On Sunday, June 4, Thailand’s capital held the latest iteration of its yearly Pride Parade. The gathering started around 2 p.m. at Siam Square, the heart of Bangkok’s shopping district, which became the theater of the 2020-2021 protests against incumbent Prime Minister Prayut Chan-o-cha, and ran well into the evening with a celebration and street party along Ratchadamri Road. The event came a week after Chiang Mai Pride, which marked the start of Pride Month in the country. The month-long celebration of the LGBTQ culture and community continuously draws large crowds of local Thais and foreigners across Southeast Asia.
The parade, first held in the capital in 2006, has long served as a space for LGBTQ people in Thailand to gather and celebrate their identity, a much-needed safe space in a region that is witnessing a growing crackdown on queer rights and expression. Additionally, the parade serves as a platform for the community to raise awareness of the many social and political challenges they still face in the country. This year’s iteration, themed “Beyond Gender”, was no exception, and brought into the spotlight issues faced by sex workers and the county’s LGBTQ community at large.
Although prostitution is officially illegal in Thailand under the 1996 Prevention and Suppression of Prostitution Act, the country has become a notorious destination for sexual tourism, particularly in the red-light districts and massage parlors of Bangkok, Pattaya, and Phuket island. While there are no official statistics assessing the extent of prostitution in the country, several United Nations reports estimate that the industry generates around $6.4 billion annually, accounting for around 1 percent of the country’s gross domestic product.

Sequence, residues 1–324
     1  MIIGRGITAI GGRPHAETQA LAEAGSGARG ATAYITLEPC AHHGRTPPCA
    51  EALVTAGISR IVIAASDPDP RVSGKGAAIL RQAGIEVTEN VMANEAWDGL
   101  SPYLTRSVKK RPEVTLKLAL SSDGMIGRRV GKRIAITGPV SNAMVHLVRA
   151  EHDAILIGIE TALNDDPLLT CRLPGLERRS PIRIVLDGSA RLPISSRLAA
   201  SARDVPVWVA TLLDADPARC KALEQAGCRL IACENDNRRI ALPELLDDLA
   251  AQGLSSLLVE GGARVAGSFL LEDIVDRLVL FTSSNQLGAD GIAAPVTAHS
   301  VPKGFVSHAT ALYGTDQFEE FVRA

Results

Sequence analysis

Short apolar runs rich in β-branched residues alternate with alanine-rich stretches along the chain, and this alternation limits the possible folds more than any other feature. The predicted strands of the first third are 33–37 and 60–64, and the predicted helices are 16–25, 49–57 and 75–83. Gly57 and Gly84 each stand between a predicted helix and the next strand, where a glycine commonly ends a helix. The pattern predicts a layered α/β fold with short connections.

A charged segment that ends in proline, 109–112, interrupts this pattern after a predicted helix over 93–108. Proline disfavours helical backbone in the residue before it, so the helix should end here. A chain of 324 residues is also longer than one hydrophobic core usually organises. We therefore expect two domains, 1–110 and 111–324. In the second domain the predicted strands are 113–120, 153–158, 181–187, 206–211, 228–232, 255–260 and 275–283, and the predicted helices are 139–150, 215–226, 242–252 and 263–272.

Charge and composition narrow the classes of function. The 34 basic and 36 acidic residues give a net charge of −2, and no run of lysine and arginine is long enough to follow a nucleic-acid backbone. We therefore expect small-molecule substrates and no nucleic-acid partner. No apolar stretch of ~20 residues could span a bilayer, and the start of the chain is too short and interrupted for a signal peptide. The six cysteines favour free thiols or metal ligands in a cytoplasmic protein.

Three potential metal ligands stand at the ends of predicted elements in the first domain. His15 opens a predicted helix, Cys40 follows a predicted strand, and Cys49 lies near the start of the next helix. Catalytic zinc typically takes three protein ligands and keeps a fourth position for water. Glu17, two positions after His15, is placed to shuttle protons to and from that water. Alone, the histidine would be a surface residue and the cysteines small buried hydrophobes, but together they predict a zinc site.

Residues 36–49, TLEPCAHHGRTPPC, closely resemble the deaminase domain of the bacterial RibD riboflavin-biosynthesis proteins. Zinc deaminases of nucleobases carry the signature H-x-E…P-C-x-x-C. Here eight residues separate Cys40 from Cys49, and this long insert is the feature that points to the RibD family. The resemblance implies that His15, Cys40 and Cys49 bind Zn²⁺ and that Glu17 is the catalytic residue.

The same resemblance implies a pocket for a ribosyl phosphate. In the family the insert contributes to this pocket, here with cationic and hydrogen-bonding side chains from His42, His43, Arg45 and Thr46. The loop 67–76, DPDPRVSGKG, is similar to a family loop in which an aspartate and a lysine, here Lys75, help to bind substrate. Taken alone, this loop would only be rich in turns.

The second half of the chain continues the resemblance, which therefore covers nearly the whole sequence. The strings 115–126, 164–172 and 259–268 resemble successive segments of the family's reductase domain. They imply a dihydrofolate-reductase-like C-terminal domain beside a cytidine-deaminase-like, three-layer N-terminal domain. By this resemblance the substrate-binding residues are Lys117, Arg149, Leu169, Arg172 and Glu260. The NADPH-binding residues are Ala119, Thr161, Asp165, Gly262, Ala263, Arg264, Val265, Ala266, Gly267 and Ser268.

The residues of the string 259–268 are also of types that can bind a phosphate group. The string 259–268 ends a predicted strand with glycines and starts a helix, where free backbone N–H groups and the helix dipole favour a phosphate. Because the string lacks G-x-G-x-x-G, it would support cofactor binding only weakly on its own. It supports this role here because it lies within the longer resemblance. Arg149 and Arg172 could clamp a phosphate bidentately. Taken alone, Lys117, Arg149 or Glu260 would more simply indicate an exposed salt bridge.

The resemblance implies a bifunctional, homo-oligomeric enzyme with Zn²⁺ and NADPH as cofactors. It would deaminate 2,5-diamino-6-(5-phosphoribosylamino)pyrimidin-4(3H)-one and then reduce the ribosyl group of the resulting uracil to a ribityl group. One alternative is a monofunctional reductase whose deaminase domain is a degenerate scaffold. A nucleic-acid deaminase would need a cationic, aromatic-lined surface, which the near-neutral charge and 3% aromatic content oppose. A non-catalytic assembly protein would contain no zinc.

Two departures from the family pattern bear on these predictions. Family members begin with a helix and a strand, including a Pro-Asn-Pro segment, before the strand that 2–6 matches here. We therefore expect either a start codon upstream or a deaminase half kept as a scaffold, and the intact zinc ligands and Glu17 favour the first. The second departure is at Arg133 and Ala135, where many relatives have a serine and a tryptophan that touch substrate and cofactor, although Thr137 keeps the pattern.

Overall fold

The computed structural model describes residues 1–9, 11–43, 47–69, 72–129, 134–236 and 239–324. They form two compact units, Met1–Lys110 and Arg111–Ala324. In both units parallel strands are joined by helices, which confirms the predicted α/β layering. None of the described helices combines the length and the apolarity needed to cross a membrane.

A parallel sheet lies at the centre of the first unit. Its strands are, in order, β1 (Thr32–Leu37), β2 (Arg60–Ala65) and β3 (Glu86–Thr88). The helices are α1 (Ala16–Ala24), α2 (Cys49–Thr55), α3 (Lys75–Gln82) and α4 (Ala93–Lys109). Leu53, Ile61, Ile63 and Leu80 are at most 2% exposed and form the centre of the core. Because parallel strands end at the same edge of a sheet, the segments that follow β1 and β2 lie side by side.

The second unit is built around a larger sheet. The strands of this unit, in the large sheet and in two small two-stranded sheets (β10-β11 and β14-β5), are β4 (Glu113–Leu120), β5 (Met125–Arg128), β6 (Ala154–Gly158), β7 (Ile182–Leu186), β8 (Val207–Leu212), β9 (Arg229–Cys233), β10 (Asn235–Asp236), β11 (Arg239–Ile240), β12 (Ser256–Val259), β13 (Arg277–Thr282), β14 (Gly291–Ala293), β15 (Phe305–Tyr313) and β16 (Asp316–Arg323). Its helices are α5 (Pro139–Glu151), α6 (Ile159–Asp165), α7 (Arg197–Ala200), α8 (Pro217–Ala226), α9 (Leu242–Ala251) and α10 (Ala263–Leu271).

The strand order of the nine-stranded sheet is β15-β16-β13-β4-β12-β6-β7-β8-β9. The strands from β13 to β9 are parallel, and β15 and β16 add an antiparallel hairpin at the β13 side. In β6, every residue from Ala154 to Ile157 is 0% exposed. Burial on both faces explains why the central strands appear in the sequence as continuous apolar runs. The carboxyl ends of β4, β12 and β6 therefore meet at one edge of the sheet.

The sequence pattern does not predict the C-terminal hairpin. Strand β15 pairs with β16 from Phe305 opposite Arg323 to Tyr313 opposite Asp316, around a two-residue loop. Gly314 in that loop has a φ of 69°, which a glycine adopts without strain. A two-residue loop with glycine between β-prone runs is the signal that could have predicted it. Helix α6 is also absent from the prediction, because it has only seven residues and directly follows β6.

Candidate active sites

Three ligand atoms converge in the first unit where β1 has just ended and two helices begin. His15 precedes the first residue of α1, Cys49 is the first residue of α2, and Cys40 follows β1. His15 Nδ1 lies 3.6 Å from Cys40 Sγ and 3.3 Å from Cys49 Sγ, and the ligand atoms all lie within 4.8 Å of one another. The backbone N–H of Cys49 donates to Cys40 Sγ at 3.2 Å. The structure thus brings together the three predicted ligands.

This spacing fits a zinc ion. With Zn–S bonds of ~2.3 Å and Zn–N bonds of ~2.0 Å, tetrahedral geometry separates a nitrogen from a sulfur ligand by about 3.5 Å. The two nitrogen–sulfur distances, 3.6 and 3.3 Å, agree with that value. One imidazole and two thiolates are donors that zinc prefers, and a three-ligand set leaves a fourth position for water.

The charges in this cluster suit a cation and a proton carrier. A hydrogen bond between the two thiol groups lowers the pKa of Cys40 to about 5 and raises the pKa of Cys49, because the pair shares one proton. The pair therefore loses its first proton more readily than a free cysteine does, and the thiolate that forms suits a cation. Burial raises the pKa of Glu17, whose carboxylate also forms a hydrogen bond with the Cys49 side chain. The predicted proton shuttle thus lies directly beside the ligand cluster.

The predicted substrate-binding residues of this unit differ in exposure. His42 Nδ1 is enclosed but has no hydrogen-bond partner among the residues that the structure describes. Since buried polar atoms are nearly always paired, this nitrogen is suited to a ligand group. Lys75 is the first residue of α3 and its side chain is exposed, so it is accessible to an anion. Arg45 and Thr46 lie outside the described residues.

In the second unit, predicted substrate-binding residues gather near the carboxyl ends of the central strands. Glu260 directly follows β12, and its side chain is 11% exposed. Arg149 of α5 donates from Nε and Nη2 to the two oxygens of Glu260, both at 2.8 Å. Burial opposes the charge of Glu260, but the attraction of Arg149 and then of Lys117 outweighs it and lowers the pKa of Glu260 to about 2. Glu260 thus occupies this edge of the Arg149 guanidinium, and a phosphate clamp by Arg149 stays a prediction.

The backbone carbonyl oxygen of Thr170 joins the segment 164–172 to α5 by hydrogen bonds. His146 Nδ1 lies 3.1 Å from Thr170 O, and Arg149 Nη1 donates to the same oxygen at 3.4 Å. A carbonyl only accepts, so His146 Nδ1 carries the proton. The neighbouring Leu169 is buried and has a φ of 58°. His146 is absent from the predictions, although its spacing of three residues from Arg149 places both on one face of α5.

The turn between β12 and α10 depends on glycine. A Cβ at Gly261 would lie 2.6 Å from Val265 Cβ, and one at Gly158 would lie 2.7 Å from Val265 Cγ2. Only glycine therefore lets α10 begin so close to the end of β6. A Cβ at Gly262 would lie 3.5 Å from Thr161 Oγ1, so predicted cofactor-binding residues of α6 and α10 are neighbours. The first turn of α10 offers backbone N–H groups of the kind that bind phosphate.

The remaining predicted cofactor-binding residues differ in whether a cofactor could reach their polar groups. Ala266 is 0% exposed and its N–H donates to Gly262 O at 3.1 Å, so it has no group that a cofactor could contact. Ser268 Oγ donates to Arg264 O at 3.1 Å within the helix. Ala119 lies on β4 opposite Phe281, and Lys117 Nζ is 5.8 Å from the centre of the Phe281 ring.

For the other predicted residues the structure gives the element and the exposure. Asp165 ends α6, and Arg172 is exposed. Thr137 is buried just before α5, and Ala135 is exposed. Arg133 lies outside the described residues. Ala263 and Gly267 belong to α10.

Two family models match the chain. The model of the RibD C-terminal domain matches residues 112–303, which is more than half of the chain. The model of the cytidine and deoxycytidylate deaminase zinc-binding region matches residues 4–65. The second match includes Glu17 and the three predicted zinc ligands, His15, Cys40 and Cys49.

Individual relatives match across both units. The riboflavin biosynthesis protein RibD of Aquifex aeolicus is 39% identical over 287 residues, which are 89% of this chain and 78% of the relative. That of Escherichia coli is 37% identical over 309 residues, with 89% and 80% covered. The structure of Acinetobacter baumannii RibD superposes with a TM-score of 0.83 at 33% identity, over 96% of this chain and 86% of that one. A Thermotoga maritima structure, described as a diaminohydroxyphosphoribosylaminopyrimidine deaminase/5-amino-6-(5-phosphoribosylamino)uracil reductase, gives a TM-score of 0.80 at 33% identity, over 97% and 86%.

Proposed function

Activists denounce the trade-off between the economic weight the industry represents and the lack of provisions for sex workers as a result of the fact that prostitution is criminalized. The legalization movement, which started in 2003, also points to the difficulty of tracking and preventing the spread of sexually transmitted infections, mainly HIV/AIDS, among the sex worker population. The issue has become a main point of advocacy for Pride activists, given that gay men and transgender women face higher risks of exposure.
Marriage equality is also among the most pressing issues pushed for by LGBTQ activists in Thailand, and was similarly at the forefront of this year’s Pride Parade. While same-sex activities were never criminalized and get a certain level of mainstream representation in mainstream public discourse and media, especially in comparison to neighboring countries such as Malaysia or Singapore, legal recognition of same-sex couples has lagged behind.
The issue was once again raised in public debate in the country’s general election held last month, which saw a remarkable victory for the progressive Move Forward Party (MFP). In the aftermath of the election, MFP leader Pita Limjaroenrat announced that he aimed to legalize same-sex marriage by 2028. However, his ability to do so depends on whether Prayut and the conservative establishment that backs him will allow the MFP to form the next government, which remains highly uncertain at this time.
Nonetheless, Pita’s election and commitment to moving forward with LGBTQ rights fueled a renewed sense of hope among Thais, which reached its effervescence during last weekend’s Pride Parade, which Pita and other leading figures from MFP attended. Shortly after closing the march and reaching the gathering point in front of Central World Mall, Pita was invited to deliver a speech on stage, drawing large crowds of LGBTQ activists and supporters who took part in the Parade earlier in the day.